Review Summary: Two from the quiver.
There is a dignified candour with which Posh Isolation present themselves. The Denmark-based industrial label, despite an output that is often anything but middle-of-the-road, have a plain-faced way of marketing their brand. There is very little pretense, and the carryover to listener appreciation is that of a memorable fine dining experience where the food speaks for itself. We’ll stave off a cheesy long-winded food analogy, but, suffice it to say, Damien Dubrovnik, composed of the label’s two founders Loke Rahbek and Christian Stadsgaard, produce a sound rooted in real-world trials and tribulations, rather than intangible abstractions alone. Conceptually, Great Many Arrows
was constructed as much at the hands of endless toiling as it was in the mind. Opener “Arrow 1”, namely, plays like a Roman pantomime with an aging male lead reciting the destruction of his kingdom. The vocals stab with a sense of helplessness in their near-indecipherability, like listening in on a panicked plea for help though a crackling CB radio. War drums resonate in such a way that blends with black arcus clouds, and melodic strings die with grace. Like other moments on the album, we see a blend of bygone-era acoustic instrumentation with modern-era electronics, stuck partway between different ends of a time portal. It all feels deeply retrospective, steeped in repressed memories that would prefer to be bottled up. Now uncorked, it is vague in details but heavy-handed in tones and emotions that are emphasized without being embellished. It’s like piecing together your grandfather’s tales of war via the creases on his face.
Great Many Arrows
is episodic, as illustrated by the plainly numbered song titles. It’s almost like an anthology without translation or established order, dug up, examined, and upon frustration numbered “1, 2, 3…” and bound. The songs could probably be listened to out of order and be enjoyed all the same. This is to be expected with much of what Loke Rahbek touches on Posh Isolation: songs connected very loosely, with miles and years between them, so that the shared context is threadbare. Trying to describe certain songs feels like a Rorschach test. As with label mate Puce Mary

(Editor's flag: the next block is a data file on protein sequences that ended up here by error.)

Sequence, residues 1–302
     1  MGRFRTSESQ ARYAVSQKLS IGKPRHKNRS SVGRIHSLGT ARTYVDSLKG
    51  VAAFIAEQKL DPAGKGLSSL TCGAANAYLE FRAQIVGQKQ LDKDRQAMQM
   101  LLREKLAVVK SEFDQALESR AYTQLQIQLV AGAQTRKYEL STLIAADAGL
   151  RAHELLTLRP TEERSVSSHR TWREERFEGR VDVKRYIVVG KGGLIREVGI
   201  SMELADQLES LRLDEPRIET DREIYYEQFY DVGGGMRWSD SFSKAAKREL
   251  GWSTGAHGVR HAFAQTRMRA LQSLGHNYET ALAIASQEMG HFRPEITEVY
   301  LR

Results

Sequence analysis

’s music, the songs unfold with ambiguity, yet are often highly dramatic in the confusion. “Arrow 4” is a great example; it feels like pacing around a cluttered room, disoriented and weighed down with thoughts of elsewhere. Another one: “Arrow 2” initially mimics wandering through a serene country side, but intermittently discovering horrific symbols of death and destruction. It’s a tad like a Benjamin Britten piece turned sour. Gradually, the wanderer descends into something hellish and soaked with lore, reminiscent of the early Diablo games. “Arrow 5”, possibly the most aching song present, sets a mood that is both lush and sterile. It’s like a corridor painted in various shades of white, yet somehow rendered more colourful by the light beaming through the windows. It’s what one could possibly expect in a Hayao Miyazaki movie centred around a children’s hospital. The woodwind refrain hovers over the song like the hand of a healer over the head of the demonically possessed; and when it’s finally lifted, it’s as though decades of torment are stripped away like cheap, weathered veneer to reveal something reborn. An interesting tone to set, considered this is a landmark release for the label (number 200).
The balance of barren neoclassicism and expanding industrial music can’t really be overstated, and is Great Many Arrows
’ boon. It sees the music tethered to something, somewhere. Stadsgaard and Rahbek are yin and yang, contrary yet connected. They recurrently support each other upon either/or giving way to collapse, by way of emotional or physical fatigue. Great Many Arrows
doesn’t really have conventional buildups, and it’s not always clear if anything gets resolved. It’s pernicious, and maybe that ties into the album’s source of inspiration. The Ōyakazu (“great many arrows”), an old Japanese archery event, involved participants shooting arrows continuously for 24 hours. The songs being titled numerically, with a total of six, suggests something with no resolution in sight, doomed to withstand thousands of strikes more. We’re reaching a bit here, and maybe that’s the extent of the analogical worth, but it’s something. In an interview with Ian Maleney (published by The Quietus), the duo explained, “We can never control how the receiver will interpret our work, and it is not in our interest either
." Damien Dubrovnik don’t make things easy, despite offering total free reign in the worlds they weave.